I’m having a loop ileostomy this month (August 2021), with the longer-term plan of making it permanent with a colectomy due to extremely slow colonic transit and severe IBS-C.
It’s one of two complex conditions I’ve been managing for most of my life (rheumatoid arthritis + fibromyalgia are my other foes).
I’m hoping the grass is greener on the other side. After many years of pain, distress, and a host of other horrible symptoms, I’m hopeful that many of the challenges I face with this condition might be relieved by surgery and that adapting to a changed body and managing a “device” will be far less intimidating than I fear it will be.
My bowel condition has contributed to the loss of many experiences, relationships, and opportunities (career progression, pregnancy, my marriage, time with friends, going out to dinner… just to name a few). While I cannot go back in time and recover those lost moments, people and chances, I hope this surgery gives far more than it takes away. I’m in awe of other ostomates’ resilience and confidence and hope a little might rub off on me!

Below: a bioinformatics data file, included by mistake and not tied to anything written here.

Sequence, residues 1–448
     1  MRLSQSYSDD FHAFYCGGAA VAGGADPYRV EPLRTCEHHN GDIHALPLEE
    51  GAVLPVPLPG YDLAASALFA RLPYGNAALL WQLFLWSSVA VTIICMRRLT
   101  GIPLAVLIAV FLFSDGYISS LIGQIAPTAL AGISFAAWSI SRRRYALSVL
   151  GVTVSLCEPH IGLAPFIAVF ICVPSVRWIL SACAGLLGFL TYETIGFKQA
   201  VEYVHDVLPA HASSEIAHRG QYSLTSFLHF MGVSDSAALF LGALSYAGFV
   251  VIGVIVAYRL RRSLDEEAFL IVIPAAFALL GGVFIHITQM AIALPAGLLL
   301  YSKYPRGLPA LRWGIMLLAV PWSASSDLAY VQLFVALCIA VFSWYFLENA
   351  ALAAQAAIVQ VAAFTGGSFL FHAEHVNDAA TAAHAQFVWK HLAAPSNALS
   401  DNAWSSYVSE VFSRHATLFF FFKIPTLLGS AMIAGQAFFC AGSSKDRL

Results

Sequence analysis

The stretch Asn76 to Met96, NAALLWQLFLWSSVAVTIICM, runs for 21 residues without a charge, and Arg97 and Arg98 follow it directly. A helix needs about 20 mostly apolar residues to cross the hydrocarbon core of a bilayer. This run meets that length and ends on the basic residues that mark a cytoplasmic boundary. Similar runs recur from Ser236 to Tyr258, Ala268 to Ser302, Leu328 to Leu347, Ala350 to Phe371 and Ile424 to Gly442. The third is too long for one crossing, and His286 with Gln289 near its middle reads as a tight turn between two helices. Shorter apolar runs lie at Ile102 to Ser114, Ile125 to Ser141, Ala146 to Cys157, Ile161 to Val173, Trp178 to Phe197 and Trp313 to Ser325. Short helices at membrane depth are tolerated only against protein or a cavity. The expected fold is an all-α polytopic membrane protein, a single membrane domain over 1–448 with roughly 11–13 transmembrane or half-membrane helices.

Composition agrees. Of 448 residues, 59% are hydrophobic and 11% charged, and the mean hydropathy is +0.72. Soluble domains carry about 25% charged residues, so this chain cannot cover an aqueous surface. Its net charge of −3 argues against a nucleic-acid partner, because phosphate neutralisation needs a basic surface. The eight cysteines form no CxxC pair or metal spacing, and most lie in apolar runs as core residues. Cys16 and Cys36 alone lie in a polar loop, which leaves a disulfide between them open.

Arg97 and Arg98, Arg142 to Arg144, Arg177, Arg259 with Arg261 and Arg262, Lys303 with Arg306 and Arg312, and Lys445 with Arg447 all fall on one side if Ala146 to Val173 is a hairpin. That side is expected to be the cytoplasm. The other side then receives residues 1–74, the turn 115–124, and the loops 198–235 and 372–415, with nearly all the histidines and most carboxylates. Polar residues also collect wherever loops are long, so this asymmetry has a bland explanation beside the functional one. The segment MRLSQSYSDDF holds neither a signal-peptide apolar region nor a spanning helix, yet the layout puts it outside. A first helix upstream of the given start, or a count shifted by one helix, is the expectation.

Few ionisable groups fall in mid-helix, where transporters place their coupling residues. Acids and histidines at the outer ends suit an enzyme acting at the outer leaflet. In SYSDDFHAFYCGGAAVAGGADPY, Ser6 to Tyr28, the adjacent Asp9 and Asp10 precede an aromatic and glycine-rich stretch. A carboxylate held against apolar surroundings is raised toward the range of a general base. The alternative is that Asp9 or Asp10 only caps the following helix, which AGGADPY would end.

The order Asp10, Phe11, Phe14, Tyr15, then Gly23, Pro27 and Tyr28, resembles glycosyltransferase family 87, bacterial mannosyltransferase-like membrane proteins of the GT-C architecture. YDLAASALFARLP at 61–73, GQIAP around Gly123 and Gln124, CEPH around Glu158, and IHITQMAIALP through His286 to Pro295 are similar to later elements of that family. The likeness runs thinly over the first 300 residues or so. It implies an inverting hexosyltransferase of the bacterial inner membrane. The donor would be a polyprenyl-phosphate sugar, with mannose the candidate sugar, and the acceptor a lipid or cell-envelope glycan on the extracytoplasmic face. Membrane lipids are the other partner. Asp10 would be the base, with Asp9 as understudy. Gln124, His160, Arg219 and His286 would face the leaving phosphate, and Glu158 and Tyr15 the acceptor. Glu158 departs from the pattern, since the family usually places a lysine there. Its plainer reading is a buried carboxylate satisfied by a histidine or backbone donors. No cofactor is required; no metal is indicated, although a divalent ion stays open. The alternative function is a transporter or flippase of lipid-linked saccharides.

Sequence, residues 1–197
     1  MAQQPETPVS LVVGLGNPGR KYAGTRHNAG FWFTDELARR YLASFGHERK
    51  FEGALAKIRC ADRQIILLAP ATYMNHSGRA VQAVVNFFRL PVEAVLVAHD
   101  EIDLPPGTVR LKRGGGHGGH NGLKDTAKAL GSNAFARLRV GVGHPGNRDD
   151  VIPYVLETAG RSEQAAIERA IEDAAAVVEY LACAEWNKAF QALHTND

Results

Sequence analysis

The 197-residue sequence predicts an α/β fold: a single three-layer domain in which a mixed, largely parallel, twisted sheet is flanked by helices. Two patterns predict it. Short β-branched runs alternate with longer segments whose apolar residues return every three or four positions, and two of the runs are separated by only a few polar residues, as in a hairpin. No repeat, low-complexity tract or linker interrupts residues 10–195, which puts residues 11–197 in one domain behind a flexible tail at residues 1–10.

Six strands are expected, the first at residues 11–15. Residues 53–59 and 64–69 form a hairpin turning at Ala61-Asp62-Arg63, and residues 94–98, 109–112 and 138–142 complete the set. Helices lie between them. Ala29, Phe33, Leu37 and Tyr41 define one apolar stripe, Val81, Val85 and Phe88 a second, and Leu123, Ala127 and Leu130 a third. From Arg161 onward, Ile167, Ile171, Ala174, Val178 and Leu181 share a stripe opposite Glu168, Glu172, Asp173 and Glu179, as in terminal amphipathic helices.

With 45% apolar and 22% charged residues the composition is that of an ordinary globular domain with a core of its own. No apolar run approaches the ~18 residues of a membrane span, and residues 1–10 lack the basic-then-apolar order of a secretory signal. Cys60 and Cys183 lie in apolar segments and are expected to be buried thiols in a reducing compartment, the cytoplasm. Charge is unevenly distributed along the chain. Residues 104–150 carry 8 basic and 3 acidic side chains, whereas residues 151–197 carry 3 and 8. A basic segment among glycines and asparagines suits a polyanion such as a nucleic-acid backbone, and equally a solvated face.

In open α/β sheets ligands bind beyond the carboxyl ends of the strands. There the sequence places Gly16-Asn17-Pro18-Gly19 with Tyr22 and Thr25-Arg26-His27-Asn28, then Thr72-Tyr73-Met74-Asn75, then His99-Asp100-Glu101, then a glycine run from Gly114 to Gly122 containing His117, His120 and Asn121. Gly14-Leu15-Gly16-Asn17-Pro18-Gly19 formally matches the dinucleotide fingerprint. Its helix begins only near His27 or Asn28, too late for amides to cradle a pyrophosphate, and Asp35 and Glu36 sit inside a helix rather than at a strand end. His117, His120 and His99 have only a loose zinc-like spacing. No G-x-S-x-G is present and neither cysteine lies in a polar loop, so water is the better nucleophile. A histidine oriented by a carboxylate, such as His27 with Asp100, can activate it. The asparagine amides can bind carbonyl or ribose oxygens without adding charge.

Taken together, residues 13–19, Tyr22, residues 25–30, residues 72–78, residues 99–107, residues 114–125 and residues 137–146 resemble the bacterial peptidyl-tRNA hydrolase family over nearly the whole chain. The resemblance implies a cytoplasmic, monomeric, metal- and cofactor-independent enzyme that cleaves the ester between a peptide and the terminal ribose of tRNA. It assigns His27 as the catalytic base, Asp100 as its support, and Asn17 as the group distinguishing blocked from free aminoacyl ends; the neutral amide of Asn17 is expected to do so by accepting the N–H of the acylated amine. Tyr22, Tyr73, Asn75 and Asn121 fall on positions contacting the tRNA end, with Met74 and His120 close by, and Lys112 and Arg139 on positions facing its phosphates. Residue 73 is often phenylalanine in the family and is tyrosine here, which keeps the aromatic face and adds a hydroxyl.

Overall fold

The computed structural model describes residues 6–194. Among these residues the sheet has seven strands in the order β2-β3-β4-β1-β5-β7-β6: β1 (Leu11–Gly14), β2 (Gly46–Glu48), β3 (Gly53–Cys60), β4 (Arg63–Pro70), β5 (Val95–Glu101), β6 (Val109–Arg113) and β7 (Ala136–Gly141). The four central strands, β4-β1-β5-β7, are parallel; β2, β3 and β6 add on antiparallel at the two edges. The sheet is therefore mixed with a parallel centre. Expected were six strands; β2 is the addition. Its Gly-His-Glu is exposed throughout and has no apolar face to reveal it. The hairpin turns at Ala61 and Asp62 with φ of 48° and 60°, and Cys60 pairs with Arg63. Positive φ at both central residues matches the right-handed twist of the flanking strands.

Update (23 Aug 2021):
I’m on the other side. It’s been a very bumpy ride despite my preparedness. I’m a clinical writer for the NHS website (and floral designer in the side) and thought I’d read all there was to read, practiced with a faux stoma and a verity of bags to find my “bag of choice”, but some aspects of a loop ileostomy have been very confronting. Two stomas, for a start! I’m small, so I’ve lost about 1/12 of my abdomen to this thing. The noise from my stoma, pain, itchy skin I’m desperate to scratch, and developing a hernia are the critical issues - how to accept myself and the alien attached to me are secondary burdens that prompt lots of tears.
I worked as a nanny for a few years, and was very involved in caring fir my niece as a baby - bodily messes are familiar and I’m very practical. But being confronted by my own, hourly, is more overwhelming than I anticipated.